Governor David A. Paterson today issued an Executive Order on the development and implementation of a records management policy for the Executive Chamber, including an archives retention schedule. The Governor signed the Executive Order following his veto of S.6846/A.9928.
"Today's Executive Order will develop a protocol and policies for the preservation of documents and electronic records from the Executive Chamber," Governor Paterson said. "We must continue with our efforts to increase transparency and accountability to provide all New Yorkers with information about actions taken by their elected officials."
The Executive Order requires that a retention schedule be promulgated and made public. The schedule categorizes documents prepared in the Executive Chamber and sets forth a period for their retention and ultimate disposition. All records of historic and governmental significance will be preserved, published and made publicly accessible. A member of the Executive Chamber Counsel's Office is designated as the Records Retention Officer, responsible for coordinating Executive Chamber record retention activities. The Counsel to the Governor will negotiate an agreement for storage of the information, and the circumstances on which it would be made available to the public. Executive Chamber records created during the Paterson Administration will be donated to Cornell University.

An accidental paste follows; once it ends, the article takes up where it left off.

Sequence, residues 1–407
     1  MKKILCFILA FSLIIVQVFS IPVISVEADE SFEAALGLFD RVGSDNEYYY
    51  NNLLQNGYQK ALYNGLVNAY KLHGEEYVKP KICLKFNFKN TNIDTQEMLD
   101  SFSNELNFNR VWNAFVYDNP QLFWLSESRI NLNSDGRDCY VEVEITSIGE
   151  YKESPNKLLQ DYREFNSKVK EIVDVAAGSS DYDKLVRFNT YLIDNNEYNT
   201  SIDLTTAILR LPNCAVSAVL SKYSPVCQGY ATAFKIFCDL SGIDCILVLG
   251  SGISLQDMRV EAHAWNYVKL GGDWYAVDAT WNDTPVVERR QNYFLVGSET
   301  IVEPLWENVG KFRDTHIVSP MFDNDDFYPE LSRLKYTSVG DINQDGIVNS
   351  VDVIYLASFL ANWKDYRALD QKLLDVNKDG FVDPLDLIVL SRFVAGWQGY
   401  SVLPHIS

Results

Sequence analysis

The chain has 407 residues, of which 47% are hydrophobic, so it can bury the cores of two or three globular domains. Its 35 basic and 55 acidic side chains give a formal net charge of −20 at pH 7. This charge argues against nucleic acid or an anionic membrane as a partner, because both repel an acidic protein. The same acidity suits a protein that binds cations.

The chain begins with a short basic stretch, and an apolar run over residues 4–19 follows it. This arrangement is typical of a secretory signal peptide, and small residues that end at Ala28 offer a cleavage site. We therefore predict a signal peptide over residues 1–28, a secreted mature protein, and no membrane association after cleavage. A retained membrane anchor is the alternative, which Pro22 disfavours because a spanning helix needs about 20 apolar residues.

This Executive Order ensures that important historical documentation related to activities of the Executive Chamber is maintained for study and review by future governments, historians, and everyday New Yorkers. The Paterson Administration has been the most transparent administration in New York history largely due to the voluminous material made available daily on its website.
The Governor vetoed S.6846/A.9928, also known as the Archives Bill. In his veto message, the Governor acknowledged the sponsors' efforts, but noted that the bill did not provide adequate protection for valued, centuries old governmental privileges that are indispensible to ensure unfettered, candid advice. The Governor also said the bill would have imposed significant and costly burdens on the Executive Chamber and would tip the balance of power between the Legislature and Executive by allowing the former immediate access to executive records, without imposing any comparable transparency requirements upon itself.